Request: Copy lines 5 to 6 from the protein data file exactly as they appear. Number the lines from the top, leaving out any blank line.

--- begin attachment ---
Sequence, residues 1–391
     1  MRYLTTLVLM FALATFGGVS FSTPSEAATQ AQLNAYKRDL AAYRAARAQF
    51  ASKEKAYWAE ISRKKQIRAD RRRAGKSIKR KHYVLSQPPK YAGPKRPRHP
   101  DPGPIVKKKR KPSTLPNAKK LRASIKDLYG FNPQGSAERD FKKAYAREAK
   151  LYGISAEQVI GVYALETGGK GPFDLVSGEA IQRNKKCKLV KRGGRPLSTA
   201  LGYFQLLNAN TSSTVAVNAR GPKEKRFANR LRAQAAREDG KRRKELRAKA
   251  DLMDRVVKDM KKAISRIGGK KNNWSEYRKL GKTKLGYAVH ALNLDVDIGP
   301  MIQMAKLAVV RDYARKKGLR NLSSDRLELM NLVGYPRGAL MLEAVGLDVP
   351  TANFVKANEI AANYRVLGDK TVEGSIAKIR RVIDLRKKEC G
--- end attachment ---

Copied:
   151  LYGISAEQVI GVYALETGGK GPFDLVSGEA IQRNKKCKLV KRGGRPLSTA
   201  LGYFQLLNAN TSSTVAVNAR GPKEKRFANR LRAQAAREDG KRRKELRAKA